Support Desk Tags

Below are the tags approved for use in FreshDesk. All tickets should have tags on them. You can use more than one tag if the issue warrants it.

Approved Ticket Tags:


Call Recordings
System Recordings
New Extension
Fax User
Fax Failure
Dropped Call
Call Quality
User Panel
Follow Me
Caller ID
Incoming Calls
Outgoing Calls
IT Vendor
Voip Monitor
Time Zone (phone)
Time Zone (pbx)

8. System Recordings

Very often when configuring a PBX, you’ll need to implement system recordings. Recordings are necessary for IVRs and announcements, and can be quite useful in other places such as queues. System recordings can be made by dialing a feature code from an extension within the PBX or by uploading them through the FreePBX admin interface.

For uploaded recordings, there are some specific technical requirements, otherwise Asterisk will not be able to make use of the recording and may exhibit some unusual behavior. Before uploading a system recording, please be sure it matches the following criteria:

  • .wav file
  • 16 bit
  • Mono
  • 8 KHz (8000 Hz)

The easiest way to verify that the audio file in question is correct is to open a terminal in the same directory as the file and execute the following replacing <filename> with the actual name:

file <filename>.wav

The output for a correctly encoded file should be as follows:

<filename>.wav: RIFF (little-endian) data, WAVE audio, Microsoft PCM, 16 bit, mono 8000 Hz

Should the audio file you need to upload not be encoded correctly, it’s necessary to re-encode the file. There are multiple methods of doing this and different people prefer different workflows so I’ll not go into explicit detail regarding various methods, but here are some options:

  • Audacity is a free and open source audio editor that can easily handle encoding files in the correct manner.
  • VLC is free and open source media player that also handles file encoding. It’s interface is a little easier to make sense of, however the encoding quality typically isn’t as good.
  • You can encode files directly from a terminal with ffmpeg if you have it installed on your workstation.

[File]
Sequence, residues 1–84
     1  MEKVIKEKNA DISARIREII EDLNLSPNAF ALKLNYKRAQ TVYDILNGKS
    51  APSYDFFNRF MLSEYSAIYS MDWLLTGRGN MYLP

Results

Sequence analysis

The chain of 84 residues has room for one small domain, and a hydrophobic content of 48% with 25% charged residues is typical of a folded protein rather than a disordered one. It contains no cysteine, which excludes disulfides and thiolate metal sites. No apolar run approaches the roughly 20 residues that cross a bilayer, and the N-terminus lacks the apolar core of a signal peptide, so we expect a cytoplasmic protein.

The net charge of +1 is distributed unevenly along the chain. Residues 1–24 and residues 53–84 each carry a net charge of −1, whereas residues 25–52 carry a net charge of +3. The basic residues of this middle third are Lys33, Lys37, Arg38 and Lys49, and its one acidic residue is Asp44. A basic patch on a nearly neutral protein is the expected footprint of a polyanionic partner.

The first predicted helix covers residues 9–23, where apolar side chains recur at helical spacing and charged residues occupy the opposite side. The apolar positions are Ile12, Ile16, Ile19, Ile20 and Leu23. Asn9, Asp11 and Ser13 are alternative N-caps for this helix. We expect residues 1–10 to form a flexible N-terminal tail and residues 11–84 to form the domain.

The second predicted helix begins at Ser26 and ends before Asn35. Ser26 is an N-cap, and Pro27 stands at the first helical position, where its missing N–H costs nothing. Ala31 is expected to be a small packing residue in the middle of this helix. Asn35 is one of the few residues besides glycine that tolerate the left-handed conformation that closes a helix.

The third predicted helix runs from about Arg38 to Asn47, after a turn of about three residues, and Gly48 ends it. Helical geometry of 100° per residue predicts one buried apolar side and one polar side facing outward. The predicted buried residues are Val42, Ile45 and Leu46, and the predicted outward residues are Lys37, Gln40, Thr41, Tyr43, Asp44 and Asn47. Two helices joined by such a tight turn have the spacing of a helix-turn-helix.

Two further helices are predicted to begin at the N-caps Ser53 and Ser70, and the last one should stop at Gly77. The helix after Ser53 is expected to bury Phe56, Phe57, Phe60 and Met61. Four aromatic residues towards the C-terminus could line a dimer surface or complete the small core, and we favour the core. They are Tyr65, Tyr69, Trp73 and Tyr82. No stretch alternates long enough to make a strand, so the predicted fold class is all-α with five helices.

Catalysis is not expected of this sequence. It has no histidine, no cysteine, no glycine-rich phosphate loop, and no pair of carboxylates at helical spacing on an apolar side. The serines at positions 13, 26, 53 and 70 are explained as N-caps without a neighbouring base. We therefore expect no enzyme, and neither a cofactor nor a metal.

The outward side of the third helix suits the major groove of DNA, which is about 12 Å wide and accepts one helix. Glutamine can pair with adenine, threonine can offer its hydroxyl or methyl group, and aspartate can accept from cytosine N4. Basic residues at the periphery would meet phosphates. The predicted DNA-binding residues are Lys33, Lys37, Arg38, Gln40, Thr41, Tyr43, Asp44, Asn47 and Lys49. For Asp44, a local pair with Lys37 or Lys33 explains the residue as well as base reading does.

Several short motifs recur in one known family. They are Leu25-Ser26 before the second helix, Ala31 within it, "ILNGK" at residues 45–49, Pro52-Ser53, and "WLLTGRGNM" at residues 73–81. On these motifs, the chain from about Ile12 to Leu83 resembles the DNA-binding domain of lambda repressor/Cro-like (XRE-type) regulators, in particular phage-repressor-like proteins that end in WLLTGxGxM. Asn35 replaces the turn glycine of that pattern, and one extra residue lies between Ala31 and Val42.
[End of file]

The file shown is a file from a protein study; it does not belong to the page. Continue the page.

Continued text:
Uploading Audio Files

Within the FreePBX admin interface, select Admin from the menu and click on the System Recordings option. Locate the file upload widget following this message:

Alternatively, upload a recording in any supported asterisk format. Note that if you’re using .wav, (eg, recorded with Microsoft Recorder) the file must be PCM Encoded, 16 Bits, at 8000Hz:

Click the Browse button, select the file on your workstation, and then click the Upload button. Once the upload is complete, enter a name for the recording using Ringfree’s standard naming conventions, and click the Save button. You should then see the recording in the list of available System Recordings within the right sidebar.

Creating a Recording from an Extension

System recordings can also be recorded directly from an extension. Generally this is the preferred method for obtaining recordings from customers.

To create a new recording, dial *77 from any extension, wait for the tone, and record. Once you complete the recording simply hang up, or press # to receive options to review and/or re-record the message. If you’re instructing a customer to create a recording, have them provide you with the extension number used for the recording process as you’ll need it in the next step.

Within the System Recordings view in FreePBX, locate the input immediately following this message:

If you wish to make and verify recordings from your phone, please enter your extension number here: